Notation has always been more than just a way of telling musicians what to do. (Any composer will quickly tell you as much.) Notation is a model by which we think about music, one so ingrained that even people who can’t read music are impacted by the way scores shape musical practice.
Tom Shear has some tips on how to create some cool vocal drum samples:
Before hip-hop hit the big time, it was a very underground phenomenon and as a result, most of the artists at the time had to make music as cheaply as possible. Indeed, some bands couldn't even afford a drum machine, so "beatboxing" was born where a performer would imitate the sounds of a drum kit with his mouth to create the beat for the rapper to do his thing over. While it seems kind of hokey now, your own voice is actually still quite a decent source for new drum and percussion sounds. Here are some tips on getting the best results from your vocal drum sample experiments.
Some audio samples from The European Organization for Nuclear Research’s (CERN) Large Hadron Collider and computer room. Here you can listen to the sounds and download mp3 files, numerical files and explanatory notes.
Tom Shear @ Waveformless checks out Ohmicide:Melohman, Ohm Force's distortion effect plug-in.
This is a product that has been out for a while, but when the Ohm Boyz themselves asked if I might like to take a look at it, how could I refuse? If you haven't heard of it by now, Ohmicide:Meloman (I'm going just called it Ohmicide from here on out) is a multi-band distortion effect on steroids. Multi-band distortion allows you to split a single signal into multiple frequency bands allowing you to process and tweak each band completely independently of the others. Let's see how it stacks up.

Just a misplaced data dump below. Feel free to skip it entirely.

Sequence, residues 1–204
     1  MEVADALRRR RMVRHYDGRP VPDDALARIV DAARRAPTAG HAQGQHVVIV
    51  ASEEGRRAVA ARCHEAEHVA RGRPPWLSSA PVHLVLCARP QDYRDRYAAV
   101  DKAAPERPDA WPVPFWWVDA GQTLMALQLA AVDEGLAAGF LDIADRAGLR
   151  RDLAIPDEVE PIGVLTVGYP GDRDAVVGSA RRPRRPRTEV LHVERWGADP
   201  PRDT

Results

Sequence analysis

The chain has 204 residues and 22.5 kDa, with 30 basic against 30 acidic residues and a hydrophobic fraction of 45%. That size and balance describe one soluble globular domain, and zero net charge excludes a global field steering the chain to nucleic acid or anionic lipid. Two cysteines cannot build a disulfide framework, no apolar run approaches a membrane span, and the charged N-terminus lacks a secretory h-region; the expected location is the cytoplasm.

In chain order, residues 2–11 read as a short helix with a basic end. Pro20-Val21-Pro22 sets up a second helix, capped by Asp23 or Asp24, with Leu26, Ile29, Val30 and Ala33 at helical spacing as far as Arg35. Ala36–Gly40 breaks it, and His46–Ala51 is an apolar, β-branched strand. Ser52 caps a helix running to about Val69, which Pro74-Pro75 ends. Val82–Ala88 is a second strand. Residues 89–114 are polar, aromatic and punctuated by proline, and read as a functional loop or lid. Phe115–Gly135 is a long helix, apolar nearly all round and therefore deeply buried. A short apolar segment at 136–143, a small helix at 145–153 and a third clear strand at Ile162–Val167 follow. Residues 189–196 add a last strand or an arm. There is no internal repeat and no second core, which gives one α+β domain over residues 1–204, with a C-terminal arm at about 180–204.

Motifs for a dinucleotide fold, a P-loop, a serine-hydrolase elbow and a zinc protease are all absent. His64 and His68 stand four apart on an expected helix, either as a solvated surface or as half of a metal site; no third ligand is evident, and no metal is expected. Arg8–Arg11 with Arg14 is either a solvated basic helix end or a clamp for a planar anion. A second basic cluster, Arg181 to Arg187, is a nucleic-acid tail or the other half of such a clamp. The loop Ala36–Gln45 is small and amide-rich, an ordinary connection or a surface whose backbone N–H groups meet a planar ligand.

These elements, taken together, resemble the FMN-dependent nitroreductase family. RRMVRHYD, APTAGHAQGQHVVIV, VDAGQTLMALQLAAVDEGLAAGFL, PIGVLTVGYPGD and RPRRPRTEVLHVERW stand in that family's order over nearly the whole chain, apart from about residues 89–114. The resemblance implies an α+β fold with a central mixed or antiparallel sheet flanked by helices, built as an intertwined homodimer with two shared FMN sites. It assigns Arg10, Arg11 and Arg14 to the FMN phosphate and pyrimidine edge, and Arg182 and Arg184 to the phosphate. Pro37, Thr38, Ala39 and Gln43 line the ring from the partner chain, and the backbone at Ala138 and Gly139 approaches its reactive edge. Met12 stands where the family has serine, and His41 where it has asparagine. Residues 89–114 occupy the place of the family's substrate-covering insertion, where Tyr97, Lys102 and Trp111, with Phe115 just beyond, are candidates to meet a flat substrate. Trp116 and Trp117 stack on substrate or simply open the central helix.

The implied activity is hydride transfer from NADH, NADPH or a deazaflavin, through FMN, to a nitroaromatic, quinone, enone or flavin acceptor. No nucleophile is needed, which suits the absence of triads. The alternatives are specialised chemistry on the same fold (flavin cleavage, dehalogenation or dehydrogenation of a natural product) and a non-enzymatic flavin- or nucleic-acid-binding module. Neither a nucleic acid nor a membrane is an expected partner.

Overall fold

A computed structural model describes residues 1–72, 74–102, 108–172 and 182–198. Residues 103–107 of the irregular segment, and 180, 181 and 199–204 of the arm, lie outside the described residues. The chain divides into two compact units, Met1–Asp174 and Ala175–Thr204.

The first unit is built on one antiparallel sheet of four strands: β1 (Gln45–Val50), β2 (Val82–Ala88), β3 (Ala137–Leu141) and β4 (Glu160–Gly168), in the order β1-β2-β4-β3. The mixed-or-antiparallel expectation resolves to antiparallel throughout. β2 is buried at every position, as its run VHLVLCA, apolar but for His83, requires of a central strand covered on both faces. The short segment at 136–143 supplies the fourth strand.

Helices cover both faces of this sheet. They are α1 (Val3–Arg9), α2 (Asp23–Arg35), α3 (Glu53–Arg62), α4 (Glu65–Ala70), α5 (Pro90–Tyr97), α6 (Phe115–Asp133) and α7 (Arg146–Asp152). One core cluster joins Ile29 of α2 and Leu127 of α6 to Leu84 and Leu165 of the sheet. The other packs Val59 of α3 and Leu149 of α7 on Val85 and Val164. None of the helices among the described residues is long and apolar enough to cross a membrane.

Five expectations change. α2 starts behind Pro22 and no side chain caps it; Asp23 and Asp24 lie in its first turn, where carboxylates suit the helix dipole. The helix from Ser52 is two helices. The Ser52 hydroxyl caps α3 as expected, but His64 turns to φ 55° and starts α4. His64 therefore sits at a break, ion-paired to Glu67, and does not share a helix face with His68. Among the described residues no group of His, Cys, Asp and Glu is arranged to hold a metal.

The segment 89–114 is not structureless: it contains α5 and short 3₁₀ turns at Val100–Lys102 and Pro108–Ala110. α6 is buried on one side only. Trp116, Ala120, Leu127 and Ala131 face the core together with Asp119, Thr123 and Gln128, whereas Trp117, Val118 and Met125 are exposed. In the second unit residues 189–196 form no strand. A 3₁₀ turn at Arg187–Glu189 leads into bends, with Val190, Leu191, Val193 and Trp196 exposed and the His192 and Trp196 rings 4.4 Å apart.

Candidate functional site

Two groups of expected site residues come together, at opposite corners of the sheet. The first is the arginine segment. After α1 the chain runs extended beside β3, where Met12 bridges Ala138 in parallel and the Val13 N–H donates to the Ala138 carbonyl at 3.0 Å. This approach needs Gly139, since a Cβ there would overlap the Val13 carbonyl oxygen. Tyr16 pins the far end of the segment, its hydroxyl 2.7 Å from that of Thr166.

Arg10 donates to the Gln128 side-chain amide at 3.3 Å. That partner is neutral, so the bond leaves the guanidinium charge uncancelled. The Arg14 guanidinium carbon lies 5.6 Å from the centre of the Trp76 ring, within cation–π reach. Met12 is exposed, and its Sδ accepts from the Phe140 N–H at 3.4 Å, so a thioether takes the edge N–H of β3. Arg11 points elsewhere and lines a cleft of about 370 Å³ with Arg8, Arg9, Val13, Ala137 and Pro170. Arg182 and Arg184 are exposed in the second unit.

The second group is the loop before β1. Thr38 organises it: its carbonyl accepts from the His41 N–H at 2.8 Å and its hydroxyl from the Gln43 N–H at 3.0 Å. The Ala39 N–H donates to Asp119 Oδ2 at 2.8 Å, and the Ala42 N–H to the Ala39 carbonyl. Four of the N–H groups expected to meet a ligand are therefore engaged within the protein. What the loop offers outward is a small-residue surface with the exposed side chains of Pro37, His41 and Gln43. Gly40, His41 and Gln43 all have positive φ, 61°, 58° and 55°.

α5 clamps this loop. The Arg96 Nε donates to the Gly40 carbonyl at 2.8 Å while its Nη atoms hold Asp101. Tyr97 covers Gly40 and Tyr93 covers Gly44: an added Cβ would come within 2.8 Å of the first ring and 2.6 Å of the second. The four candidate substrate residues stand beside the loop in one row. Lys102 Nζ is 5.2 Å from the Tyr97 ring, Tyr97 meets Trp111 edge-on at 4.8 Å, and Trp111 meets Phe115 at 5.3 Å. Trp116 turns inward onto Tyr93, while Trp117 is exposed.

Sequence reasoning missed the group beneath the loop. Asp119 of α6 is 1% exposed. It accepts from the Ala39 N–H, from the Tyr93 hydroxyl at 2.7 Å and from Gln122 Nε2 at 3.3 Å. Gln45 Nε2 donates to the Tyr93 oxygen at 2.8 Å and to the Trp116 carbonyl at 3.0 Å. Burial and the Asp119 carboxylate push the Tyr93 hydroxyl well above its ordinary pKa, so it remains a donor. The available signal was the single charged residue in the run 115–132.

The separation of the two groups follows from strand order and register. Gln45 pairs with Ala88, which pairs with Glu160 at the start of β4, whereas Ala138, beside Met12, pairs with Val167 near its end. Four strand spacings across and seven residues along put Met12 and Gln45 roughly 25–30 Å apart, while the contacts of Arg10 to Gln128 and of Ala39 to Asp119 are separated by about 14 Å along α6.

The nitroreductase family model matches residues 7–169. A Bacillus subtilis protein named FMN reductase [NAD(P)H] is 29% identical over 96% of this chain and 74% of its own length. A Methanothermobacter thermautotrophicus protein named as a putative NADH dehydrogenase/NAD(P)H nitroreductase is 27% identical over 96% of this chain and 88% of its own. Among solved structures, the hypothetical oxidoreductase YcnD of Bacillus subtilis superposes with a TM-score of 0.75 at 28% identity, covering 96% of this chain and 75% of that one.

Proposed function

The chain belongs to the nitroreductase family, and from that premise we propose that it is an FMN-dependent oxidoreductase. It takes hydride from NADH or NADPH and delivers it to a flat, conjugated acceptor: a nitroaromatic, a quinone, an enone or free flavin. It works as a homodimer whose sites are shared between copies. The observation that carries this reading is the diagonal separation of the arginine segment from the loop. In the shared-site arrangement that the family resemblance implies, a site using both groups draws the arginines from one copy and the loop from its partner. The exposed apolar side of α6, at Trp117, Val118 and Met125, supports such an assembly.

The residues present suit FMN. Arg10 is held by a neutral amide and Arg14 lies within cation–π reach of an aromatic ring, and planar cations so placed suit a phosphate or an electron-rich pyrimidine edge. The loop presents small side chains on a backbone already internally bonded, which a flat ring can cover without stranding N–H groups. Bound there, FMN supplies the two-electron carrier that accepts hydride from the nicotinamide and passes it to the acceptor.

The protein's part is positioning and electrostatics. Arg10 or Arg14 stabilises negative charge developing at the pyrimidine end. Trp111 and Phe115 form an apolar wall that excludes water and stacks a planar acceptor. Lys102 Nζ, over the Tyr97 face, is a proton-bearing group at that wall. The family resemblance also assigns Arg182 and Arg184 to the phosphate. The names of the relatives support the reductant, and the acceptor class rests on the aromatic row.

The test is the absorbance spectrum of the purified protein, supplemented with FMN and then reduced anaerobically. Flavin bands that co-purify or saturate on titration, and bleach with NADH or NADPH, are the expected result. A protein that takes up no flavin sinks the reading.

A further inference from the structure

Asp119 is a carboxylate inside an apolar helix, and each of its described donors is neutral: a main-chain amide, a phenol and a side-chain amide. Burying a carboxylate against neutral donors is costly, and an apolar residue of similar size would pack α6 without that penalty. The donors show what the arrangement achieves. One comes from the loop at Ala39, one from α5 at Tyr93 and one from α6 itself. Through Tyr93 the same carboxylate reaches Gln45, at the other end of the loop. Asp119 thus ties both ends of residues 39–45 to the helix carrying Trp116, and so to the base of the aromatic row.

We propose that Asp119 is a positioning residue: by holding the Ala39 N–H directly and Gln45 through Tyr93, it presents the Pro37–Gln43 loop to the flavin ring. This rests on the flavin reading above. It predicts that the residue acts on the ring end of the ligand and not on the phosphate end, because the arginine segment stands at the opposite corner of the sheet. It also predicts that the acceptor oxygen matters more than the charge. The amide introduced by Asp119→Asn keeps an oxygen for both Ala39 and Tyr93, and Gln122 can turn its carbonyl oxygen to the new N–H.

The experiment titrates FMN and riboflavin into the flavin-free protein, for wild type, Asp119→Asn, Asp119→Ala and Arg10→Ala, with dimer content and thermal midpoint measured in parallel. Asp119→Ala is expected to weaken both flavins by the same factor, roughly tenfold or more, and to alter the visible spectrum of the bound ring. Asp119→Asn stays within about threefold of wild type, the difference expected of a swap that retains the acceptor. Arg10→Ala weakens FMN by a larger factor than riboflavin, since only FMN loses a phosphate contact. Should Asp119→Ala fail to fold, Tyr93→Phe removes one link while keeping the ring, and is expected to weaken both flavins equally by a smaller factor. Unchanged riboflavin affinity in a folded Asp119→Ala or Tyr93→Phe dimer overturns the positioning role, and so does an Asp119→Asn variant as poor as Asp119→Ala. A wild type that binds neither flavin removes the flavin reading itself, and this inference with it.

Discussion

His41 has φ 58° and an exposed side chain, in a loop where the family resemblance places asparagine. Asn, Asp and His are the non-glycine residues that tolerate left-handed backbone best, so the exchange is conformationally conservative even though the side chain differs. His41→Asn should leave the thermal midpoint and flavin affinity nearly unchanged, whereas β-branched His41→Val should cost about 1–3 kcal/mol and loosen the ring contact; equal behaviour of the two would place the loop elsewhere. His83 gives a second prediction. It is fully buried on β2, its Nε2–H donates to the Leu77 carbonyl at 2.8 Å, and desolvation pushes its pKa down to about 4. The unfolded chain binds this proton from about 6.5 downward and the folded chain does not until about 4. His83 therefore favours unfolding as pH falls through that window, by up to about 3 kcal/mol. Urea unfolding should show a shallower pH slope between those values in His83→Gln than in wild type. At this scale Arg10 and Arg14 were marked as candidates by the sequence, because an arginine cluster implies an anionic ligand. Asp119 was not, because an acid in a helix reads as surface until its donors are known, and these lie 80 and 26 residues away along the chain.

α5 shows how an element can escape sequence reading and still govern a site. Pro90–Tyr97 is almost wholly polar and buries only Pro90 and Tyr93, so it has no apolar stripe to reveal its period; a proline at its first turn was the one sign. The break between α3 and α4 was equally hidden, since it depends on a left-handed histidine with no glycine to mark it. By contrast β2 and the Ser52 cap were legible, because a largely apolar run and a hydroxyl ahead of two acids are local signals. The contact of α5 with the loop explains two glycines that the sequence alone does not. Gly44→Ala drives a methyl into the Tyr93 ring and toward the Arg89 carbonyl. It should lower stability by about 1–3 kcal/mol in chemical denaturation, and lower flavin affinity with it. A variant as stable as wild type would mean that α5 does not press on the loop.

I don’t use distortion effects a lot myself but when I do it’s usually Ohmicide. Great stuff!
Takashi Kondo of Ogaki, Japan, created this amazing foldable paper piano printed with conductive ink and embedded with an ATmega328. I'd love to see a video of this creation in action, as well as some more details of its creation — like, where is it getting its power?
reactable final Prototype, used with ableton didnt need ir filter or any of that, light does not hinder the pick up of the fiducial by way of blocking out the light with frosted plexi. , made out of cardboard , plexi and christmas lights!
No more secrets: that could well sum up the zeitgeist of music making in 2010. So it is that Trifonic, aka virtuoso beatmeister brothers Brian and Laurence Trifon of San Francisco, share their technique for chopping up and glitching out audio. Their new blog, Next Step Audio, is entirely dedicated to sharing their production techniques: http://nextstepaudio.com/
# Stompolin – Mike Rotondo's Stompolin is a digital instrument created at a Physical Interaction Design workshop at CCRMA.